Shutout No. 3 came on Aug. 18 in Beaumont as Ferrarese blanked the Exporters, 7-0. He fanned 11, but his wildness almost cost him in the eighth. He allowed a single and walked a pair of batters to load the bases before Bob Montag popped out to end the threat.
The final shutout came on Aug. 24, a 13-0 victory at Houston. Ferrarese fanned nine, walked five and allowed four singles. Overall, he struck out 49 in those four games and held opponents to a .111 (14-for-126) batting average.
"I was 25 years old during that streak and I pitched my butt off," Ferrarese said. "I had to leave my wife and my family, but it was only for five weeks. I joined the team in Houston in August and when they opened the door of the plane, I couldn't breathe because of the humidity. I couldn't even breathe, but I had to pitch that night.
"I was like a fighter in the ring. They had to keep pushing me back out there to the mound for my first start. It was the most physically demanding thing I ever did. And we didn't count pitches back then, we just threw. I was only 5-foor-9, but I was strong and could throw a lot of innings."
Ferrarese narrowly missed a chance to grab sole possession of the record in his next start, despite tossing a seven-inning no-hitter against Beaumont. In a 3-1 victory, he walked four batters in the first inning to force in the Shippers' lone run to end the shutout streak. Ferrarese also walked three men in the fifth inning but pitched out of that jam.
"I would have had five in a row if not for that," he lamented.
Despite Ferrarese's efforts, the Missions couldn't catch first-place Dallas, finishing a half-game back in the standings before losing to Shreveport in the opening round of the playoffs. Ferrarese lost the deciding sixth game. Though the Orioles wanted to bring him back for the final two weeks of the season, he elected to head home to California to be with his family.
Ferrarese went 4-10 in his 1956 return to Baltimore, where his pitching coach was Brecheen. But he spent much of 1957 back in the Pacific Coast League with Vancouver, where he developed a cut fastball -- a pitch that ultimately led to his demise.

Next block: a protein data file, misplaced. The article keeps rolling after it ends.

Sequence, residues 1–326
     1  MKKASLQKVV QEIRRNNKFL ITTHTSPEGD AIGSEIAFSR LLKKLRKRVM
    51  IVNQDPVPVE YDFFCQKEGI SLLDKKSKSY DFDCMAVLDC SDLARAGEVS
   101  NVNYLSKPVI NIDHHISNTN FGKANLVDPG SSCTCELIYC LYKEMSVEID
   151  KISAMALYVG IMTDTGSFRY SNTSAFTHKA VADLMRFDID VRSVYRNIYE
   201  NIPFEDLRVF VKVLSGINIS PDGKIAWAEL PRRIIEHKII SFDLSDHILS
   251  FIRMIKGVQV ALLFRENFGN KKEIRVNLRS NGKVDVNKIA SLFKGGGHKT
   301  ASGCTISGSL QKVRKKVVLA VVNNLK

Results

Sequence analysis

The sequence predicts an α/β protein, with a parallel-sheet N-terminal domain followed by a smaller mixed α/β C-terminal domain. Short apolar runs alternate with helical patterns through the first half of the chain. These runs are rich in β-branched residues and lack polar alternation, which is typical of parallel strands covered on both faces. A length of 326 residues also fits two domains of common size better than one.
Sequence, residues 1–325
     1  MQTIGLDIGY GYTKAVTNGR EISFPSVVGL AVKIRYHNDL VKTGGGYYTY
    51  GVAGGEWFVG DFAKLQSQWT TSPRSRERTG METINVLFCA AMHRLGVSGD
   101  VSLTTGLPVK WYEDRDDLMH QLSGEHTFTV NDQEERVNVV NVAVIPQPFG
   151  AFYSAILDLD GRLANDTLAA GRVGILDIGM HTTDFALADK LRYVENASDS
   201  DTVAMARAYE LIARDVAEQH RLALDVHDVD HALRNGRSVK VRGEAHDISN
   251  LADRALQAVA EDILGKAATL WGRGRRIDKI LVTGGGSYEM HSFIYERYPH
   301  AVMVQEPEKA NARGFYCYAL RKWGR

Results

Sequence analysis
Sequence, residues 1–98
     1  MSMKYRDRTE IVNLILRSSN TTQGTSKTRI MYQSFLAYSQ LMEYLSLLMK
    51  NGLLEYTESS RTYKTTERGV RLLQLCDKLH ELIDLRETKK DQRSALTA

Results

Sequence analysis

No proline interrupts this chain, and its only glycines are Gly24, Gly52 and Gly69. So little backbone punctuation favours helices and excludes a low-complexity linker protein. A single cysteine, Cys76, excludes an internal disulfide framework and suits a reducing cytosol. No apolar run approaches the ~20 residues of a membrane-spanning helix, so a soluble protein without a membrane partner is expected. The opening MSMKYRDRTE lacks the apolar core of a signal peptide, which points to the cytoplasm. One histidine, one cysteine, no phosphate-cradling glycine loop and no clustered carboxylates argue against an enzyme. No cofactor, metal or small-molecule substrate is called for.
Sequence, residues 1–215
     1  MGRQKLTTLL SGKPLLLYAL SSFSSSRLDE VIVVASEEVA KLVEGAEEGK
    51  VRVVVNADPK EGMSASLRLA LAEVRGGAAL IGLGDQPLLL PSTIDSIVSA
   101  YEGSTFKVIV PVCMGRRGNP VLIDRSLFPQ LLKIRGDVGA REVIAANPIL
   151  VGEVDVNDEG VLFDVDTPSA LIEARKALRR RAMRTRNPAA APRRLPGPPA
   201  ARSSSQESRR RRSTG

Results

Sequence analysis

"That cutter led to my bad arm with Cleveland in 1959," Ferrarese said. "I was 5-2 on May 9 in 1959 and was tied with Whitey Ford for the league lead in strikeouts. I got hurt, though, and from that point on, I only pitched three innings. We lost to the White Sox by 2 1/2 games, but our manager, Joe Gordon, said if I was healthy we would have won the pennant."
Ferrarese did equal another unusual record before getting hurt in 1959. He hit three consecutive doubles in a game at Comiskey Park, equaling the American League record for pitchers shared by Babe Ruth and Walter Johnson.
Ferrarese was traded to the White Sox in 1960 before closing out his career with stops in Philadelphia and St. Louis.
"[Former Red Sox outfielder] Pumpsie Green told me my curveball was better than Koufax's," Ferrarese said. "But after I hurt my arm, I was never the same. It still hurts. I can't comb my hair too well with my left arm.
"I played 15 years of pro ball, though, and that's not bad. And there was nothing bad about the Texas League. Everything is good when you're winning."
Kevin Czerwinski is a reporter for MLB.com. This story was not subject to the approval of the National Association of Professional Baseball Leagues or its clubs.